When I came back to China from a three weeks visit in Germany last month, I found myself in a half-empty house. My mother-in-law was standing in the kitchen preparing dinner, which is a very rare picture as it’s always my father-in-law who is responsible for cooking at home. “He left for three months to work in another town a few hours from here”, she would say in a casual voice as if telling me the time of the day. He left, and my mother-in-law stayed behind.
That got me thinking. It is actually not the first time that he had gone away for a few months to join the force of migrant workers in the big cities. I just had never thought about the implications, or was too preoccupied with myself to see.
The Guardian wrote that
“In 2009 there were 167 million over-60s, about an eighth of the population. By 2050 there will be 480 million, while the number of young people will have fallen.”
This means that over 12 percent of China’s population is aged 60 or older, and by 2050 this will be over 30 percent. And the fact that the rate of population aging is much higher in the countryside than in the cities has become more than evident, even for outsiders.
Just a few days ago, we visited the local museum in Bozhou, and I stumbled upon a huge wall with pictures of elderly. It turns out, Bozhou and its surrounding villages have been awarded the name “China’s town of longevity” 中国长寿之乡in 2011, having one of the highest concentrations of people aged over a hundred years. (There exist 20 more towns who have been awarded this name in China, but Bozhou is the only one in the province Anhui.) In the beginning I was amazed. I have seen many old people aged over 80 still working on the fields. And I always thought how amazing they are, and what astonishing health they must have to keep up the hard work routine day out day in.
However, now I am not so sure this phenomenon is so amazing at all. Taking the fact aside how old most of those people get (which is an amazing thing), they are mostly left alone.
China has changed dramatically in recent years, including the changing of family structure. In traditional Chinese society, the elderly used to live with one of their children. But nowadays, more and more young adults are moving out to cities such as Beijing or Shanghai, seeking a better life, leaving their elderly parents alone who are now getting old and need care.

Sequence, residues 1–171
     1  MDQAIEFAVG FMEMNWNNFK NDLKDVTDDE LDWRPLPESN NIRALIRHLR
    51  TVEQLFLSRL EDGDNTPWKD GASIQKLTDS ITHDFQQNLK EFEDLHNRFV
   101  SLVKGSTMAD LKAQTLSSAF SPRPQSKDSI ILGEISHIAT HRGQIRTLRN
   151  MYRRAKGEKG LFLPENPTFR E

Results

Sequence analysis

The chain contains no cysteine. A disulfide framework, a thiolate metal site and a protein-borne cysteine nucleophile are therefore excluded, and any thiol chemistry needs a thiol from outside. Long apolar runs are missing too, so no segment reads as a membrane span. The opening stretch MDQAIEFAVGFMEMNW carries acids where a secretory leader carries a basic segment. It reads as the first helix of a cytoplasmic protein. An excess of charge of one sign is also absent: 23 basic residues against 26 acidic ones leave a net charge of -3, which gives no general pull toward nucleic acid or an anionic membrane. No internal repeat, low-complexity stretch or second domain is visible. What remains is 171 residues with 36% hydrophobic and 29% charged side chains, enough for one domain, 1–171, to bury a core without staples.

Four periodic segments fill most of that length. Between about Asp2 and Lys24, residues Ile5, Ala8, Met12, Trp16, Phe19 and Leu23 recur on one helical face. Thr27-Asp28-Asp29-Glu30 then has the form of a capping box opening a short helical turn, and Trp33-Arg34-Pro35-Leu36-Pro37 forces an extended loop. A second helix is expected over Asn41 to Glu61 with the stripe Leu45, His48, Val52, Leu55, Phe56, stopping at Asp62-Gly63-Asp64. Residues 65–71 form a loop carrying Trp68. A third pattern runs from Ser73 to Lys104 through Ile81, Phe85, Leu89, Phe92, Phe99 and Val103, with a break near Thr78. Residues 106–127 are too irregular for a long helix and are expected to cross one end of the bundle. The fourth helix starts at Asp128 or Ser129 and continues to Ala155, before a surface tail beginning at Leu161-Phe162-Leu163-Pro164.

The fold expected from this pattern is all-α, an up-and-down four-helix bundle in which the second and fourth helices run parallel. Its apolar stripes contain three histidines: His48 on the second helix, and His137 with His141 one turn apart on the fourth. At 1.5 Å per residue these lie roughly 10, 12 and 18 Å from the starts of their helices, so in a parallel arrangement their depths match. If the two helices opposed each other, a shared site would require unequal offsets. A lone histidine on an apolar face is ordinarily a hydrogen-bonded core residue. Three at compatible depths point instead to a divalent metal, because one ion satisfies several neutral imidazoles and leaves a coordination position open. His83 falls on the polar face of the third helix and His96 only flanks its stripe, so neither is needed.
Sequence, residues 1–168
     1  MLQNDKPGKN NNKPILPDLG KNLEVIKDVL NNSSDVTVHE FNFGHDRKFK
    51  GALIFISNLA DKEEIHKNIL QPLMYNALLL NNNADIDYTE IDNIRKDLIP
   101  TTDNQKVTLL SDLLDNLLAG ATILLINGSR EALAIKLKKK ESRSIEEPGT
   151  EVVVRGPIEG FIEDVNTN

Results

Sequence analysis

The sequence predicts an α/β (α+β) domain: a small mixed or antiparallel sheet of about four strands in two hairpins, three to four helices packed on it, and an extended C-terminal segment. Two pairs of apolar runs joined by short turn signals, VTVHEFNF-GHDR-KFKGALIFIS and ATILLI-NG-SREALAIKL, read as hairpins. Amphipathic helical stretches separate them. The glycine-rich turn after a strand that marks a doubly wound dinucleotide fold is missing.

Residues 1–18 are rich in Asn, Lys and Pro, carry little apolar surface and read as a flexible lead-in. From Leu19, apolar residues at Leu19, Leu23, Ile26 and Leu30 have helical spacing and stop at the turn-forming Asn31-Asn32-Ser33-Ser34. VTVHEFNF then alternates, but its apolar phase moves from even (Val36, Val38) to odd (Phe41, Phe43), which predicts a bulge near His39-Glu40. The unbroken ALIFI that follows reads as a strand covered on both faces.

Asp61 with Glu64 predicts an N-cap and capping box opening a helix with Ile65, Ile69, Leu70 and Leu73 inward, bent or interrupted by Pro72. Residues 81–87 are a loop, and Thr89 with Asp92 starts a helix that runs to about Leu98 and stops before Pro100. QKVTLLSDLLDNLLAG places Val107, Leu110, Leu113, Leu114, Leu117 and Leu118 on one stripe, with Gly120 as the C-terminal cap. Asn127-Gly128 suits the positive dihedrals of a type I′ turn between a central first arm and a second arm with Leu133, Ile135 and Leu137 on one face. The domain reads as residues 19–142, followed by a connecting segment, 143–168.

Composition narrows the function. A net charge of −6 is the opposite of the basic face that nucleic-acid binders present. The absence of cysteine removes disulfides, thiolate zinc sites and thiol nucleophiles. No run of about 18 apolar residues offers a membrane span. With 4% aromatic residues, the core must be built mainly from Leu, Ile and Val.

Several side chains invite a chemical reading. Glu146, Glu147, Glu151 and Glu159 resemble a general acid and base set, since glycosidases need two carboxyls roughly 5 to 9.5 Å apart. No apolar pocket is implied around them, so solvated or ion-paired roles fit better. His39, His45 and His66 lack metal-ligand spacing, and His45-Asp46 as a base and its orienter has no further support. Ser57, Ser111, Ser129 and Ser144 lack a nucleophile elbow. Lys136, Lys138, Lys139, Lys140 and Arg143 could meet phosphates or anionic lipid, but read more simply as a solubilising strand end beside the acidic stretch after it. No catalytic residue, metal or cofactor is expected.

It is not different in my Chinese family. When I asked my mother-in-law if she is said that her husband leaves her for several months a year, and that all of her children have left as well, she would just give me one of those warm smiles. She says, there is nothing to be sad about, after all, her husband just leaves for two to three months a year, usually after the biggest harvest is done; but other people are left alone the whole year. My sisters-in-law, their husbands come home once a year, if at all. And looking at other close and distant relatives, they all have their families ripped apart. I don’t know of any member of my family who lives in a whole 365 days a year.
What shocked me is their attitude towards it. They think it’s normal, and every time I explain how things work in Germany, they shake their head concluding that I just have gone temporary insane for even dreaming up such a perfect scenario.
In fact, there is no one to blame directly. We could blame the politics, the party, the country… But what good would that do? Our Niuji village is still a village for the aged. In order to make money and a better life, the children have to leave their parents alone.
But to be fair, the government is trying to change things. And with such a huge population we always have to take into account the difficulty of such an endeavor. China Daily wrote in 2011 that
“The ancient capital of Nanjing, in Jiangsu province, for example, had 27 homes in 1990 and 52 a decade later. By 2009, the number had risen to 148. Beijing and Tianjin showed similar growth, while Shanghai had 552 facilities by the same year.”
But it is obvious that despite of the growth, there is still a long way to go. Official records show that the number of available beds in nursing homes can only cater for 1.8 percent of China’s elderly population.
In our city, Bozhou, we have 49 homes for the elderly. There even has been a small home in Niuji village, but it was closed down year ago due to financial difficulties. Even if we had a place for our elderly here in Niuji, many children would rather leave their parents alone at home than sending them off to a care home, sometimes because of the finical restraint, but mostly because of the fear of losing facing. No neighbour would see it as a kind deed if a son sends their parents off to a nursing home instead of caring for them himself.
Except sending the elderly off to a home, a new scheme developed in some Chinese villages, one I feel has great potential. The younger elderly people take care of the very old left behind. Maybe like this the older generation feels less lonely, and the children feel less pressured.
It is too early to say what we will be doing when the time comes. For now we try to be home with family as much as time allows, so we can avoid the pain of emptiness.
But being in an intercultural relationship brings up new dimensions of this problem. What will I be doing with my family in Germany? How can someone take care of two families spread thousands of miles apart…
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